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John Danakas
Toronto, James Lorimer & Company, 1993.
153pp, paper, $8.95, ISBN 1-550-28-433-1. CIP

Subject Heading:

Grades 4-6 / Ages 9-11

Reviewed by Jennifer Johnson

Volume 22 Number 4
1994 September

At the beginning of  Curve Ball, eleven-year-old Tom Poulos is a reluctant passenger flying from Toronto to Winnipeg. As a working parent, his mother refuses to let him spend his summer home alone and she presents him with a choice between overnight camp or a month with her brother. Tom chooses the latter, but unhappily. Particularly frustrating to Tom is the interruption in the baseball season. An experienced catcher for the Jarvis Badgers, he had hopes for a victory this year.

Once he arrives in Winnipeg, he is faced with meeting his uncle for the first time, learning to help out at Uncle Nick's failing Olympic Diner, and joining the local baseball team, but in the twelve-year-old league. Tom's resentment changes to determination when he is openly harassed by the team's pitcher. Persevering in spite of Jeff, Tom gains the courage to tackle the elusive curve ball and to spark new interest in the diner with the Great Burger Taste-Off.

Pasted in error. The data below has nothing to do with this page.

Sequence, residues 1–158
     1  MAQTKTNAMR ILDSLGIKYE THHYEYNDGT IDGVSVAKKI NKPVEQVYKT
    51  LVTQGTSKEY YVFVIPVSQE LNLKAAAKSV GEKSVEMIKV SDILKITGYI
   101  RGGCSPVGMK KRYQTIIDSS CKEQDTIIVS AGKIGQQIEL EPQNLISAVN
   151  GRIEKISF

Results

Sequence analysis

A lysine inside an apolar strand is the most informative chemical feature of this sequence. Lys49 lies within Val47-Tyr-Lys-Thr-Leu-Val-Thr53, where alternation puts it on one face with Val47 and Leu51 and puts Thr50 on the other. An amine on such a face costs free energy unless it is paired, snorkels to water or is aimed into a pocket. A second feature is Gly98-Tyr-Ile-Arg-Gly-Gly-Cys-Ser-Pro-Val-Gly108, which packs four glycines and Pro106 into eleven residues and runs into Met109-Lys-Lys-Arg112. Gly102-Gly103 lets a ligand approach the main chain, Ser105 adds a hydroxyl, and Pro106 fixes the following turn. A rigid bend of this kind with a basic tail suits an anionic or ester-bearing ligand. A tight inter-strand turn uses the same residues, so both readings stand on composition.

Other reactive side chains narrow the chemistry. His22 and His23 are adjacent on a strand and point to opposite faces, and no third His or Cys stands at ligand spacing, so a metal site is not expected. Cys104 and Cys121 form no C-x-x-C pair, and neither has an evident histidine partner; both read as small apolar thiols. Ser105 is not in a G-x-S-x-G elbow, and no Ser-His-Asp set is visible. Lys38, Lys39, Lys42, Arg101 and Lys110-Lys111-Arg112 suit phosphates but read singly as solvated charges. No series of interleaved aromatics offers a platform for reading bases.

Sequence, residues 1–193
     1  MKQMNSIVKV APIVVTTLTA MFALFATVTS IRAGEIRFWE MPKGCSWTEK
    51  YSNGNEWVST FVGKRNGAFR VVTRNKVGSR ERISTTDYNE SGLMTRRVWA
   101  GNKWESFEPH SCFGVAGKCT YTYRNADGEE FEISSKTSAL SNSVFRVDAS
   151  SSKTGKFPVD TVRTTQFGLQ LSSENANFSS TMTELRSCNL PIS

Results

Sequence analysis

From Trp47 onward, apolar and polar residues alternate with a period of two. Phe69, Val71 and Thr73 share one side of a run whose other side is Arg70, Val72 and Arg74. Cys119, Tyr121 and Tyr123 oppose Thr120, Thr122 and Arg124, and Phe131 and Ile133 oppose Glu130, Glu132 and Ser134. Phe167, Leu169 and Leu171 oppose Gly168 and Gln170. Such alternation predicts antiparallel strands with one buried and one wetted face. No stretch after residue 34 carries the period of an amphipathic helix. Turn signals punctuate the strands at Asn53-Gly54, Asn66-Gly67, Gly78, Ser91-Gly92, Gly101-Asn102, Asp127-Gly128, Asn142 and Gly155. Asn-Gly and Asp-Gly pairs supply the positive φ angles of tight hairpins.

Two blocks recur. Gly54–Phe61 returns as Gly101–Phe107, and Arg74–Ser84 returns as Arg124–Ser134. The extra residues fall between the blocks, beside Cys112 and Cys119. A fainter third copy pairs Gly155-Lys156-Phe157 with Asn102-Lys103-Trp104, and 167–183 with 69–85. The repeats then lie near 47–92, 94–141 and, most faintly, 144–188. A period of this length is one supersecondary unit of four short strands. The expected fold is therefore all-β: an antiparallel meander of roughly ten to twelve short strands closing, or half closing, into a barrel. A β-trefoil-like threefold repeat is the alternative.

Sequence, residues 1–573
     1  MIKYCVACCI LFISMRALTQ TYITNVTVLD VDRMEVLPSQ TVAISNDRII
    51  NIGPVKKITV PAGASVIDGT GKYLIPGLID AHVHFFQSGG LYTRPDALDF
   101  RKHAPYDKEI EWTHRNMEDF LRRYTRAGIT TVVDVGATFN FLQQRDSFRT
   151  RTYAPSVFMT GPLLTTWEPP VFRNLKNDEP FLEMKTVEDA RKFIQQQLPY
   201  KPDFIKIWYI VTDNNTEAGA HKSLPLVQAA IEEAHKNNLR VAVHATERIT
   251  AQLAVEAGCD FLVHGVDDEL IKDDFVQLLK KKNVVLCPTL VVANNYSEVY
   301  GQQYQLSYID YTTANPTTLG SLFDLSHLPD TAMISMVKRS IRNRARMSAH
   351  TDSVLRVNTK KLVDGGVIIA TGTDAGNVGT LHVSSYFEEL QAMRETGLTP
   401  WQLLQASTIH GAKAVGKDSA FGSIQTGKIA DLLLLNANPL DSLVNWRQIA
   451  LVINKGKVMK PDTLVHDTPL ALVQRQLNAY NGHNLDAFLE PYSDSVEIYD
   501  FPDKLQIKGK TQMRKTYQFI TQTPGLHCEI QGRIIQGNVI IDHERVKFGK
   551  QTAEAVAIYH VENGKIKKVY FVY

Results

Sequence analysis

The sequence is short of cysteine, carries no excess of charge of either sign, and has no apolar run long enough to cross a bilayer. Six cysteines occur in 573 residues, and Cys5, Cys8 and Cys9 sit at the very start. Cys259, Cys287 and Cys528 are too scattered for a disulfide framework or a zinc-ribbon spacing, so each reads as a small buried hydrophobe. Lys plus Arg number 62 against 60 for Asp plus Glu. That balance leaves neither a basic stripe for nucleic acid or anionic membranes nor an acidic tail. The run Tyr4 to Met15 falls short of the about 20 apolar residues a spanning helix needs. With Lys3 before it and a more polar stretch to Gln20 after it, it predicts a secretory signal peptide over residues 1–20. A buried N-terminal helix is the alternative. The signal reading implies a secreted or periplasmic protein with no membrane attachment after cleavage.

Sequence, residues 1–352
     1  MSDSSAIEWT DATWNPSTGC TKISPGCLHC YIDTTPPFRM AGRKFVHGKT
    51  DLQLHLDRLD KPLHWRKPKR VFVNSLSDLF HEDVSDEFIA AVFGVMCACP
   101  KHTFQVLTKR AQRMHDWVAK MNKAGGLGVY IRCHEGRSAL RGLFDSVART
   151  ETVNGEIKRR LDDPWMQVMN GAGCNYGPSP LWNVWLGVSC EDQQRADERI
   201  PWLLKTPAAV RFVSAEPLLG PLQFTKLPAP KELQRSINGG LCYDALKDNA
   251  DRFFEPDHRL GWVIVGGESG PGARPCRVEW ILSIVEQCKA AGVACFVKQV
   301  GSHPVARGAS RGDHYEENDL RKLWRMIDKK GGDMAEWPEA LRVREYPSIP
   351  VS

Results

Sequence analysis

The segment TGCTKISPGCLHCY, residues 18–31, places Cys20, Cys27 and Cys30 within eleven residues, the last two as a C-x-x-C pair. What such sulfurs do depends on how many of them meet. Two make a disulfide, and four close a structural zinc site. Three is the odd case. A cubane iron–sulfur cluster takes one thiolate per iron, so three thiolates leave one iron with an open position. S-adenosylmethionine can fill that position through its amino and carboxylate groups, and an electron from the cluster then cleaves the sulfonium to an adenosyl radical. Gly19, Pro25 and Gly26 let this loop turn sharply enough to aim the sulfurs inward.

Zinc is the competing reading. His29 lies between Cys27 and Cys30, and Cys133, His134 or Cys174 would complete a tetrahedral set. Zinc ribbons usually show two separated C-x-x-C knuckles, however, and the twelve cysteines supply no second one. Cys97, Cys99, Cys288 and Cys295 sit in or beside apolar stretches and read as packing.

Author John Danakas brings coaching and writing experience to this first novel. He creates a likeable character in Tom, whose resentment and sullen attitude are as believable as his excitement and anxieties o ver baseball. Tom is matched with a strong female character in Kelly, the best player on the team and the friend who helps him carry out the Burger Taste-Off.

Danakas provides very detailed descriptions of each baseball game but glosses over plot elements such as the coincidental need of the new team for a catcher and even the unlikely chance that a player would be able to jump an age category.

While young readers will be drawn to this new "Sports Stories" series by a love of the game, they should not find that the analysis dominates the characters and plot. A personal quibble was with the term "batcatcher," for which I could not find a reference, even after considerable reading of baseball literature.

On the whole,  Curve Ball should be well received by sports fans; however, these readers would be better served by smoother writing and a more carefully plotted story.

Optional Purchase.

Jennifer Johnson works as a children's librarian in Ottawa, Ontario

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